Thousands of Afghans have fled the death and destruction of southern Afghanistan by abandoning their ancestral homes. They are now displaced, living in a sewage-soaked camp in Kabul, having forsaken their land for survival and their family’s future. Among a maze of mud walls, shielded by leaking tarps, people like Salam, an Imam, say they were forced to make a choice. Death by the Taliban or death by Americans. Few retain the hope that, one day, they can return to their homes.

A boy sells small food items and phone cards at his makeshift kiosk.
Thousands of Afghans have been displaced by the violence primary in the south. They have built temporary mud and tent homes on the outskirts of Baghdad, unsure if they will ever be able to return home.
A man sings the call to prayer outside a tent that is used as a mosque for residents of the displacement camp on the outskirts of Kabul.
A man rebuilds his mud home after rain destroyed it.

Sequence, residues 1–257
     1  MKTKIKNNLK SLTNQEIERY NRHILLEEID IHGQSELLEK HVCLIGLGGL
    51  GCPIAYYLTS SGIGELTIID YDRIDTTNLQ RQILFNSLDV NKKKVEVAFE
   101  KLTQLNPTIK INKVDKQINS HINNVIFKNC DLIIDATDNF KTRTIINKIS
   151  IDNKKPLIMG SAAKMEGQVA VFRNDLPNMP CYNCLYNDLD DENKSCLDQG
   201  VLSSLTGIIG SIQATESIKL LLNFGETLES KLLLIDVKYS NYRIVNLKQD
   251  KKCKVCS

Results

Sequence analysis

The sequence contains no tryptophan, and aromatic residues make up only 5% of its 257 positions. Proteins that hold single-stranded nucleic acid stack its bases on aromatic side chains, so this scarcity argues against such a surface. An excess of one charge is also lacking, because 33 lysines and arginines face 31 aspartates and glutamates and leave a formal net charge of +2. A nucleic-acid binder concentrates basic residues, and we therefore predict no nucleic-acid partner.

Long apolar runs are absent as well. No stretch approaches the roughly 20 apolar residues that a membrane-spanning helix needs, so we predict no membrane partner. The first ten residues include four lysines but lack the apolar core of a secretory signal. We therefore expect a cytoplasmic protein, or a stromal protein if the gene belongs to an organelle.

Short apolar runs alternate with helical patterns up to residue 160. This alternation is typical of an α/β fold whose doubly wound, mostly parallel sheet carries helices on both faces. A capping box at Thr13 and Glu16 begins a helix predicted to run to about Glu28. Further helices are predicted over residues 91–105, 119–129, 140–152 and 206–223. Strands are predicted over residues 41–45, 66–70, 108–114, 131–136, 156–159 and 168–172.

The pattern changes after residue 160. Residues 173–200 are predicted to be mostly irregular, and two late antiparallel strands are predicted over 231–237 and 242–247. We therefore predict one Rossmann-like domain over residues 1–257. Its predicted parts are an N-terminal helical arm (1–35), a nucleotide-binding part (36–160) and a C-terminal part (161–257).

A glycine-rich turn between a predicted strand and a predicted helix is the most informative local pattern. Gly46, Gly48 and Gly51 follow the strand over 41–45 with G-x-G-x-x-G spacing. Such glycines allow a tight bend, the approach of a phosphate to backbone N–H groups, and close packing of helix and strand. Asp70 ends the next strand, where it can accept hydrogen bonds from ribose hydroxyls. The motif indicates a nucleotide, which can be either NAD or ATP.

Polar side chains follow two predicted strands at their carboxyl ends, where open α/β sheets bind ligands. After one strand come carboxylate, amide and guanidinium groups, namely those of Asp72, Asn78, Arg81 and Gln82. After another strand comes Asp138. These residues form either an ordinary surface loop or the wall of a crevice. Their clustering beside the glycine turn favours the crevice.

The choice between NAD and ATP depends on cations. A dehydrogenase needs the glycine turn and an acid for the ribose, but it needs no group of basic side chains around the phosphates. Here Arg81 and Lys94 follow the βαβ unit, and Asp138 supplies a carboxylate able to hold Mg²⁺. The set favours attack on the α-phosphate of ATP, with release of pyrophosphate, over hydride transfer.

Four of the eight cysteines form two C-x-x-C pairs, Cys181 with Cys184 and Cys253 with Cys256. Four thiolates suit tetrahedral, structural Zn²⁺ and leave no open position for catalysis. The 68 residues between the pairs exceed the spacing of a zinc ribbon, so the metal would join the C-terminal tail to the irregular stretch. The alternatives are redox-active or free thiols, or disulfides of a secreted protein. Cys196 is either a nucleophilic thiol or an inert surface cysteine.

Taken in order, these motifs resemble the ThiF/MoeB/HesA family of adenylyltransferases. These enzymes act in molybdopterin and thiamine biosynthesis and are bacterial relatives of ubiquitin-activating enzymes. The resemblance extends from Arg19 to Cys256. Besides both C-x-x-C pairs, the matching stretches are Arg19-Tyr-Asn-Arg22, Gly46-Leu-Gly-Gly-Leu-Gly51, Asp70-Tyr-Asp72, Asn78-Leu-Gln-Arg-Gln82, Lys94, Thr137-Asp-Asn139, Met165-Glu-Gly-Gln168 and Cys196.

A widow lives in a mud hut with several other widows in a displacement camp in Kabul.
A boy helps his family pull a tarp over their mud walls that mark their new home after fleeing the violence in Kandahar.
An American flag is sewn into the tent where displaced Afghans live.
A child living in a displacement camp tries to fly his homemade kite.
Women carry goods from the market under their burqas to the displacement camp where they live.
A man, displaced from Helmand, builds a home in one of the several displacement camps in Kabul.
A worker tends to a horse in one of several displacement camps in Kabul.
A woman who has lived in a displacement camp for three years tends to her newborn.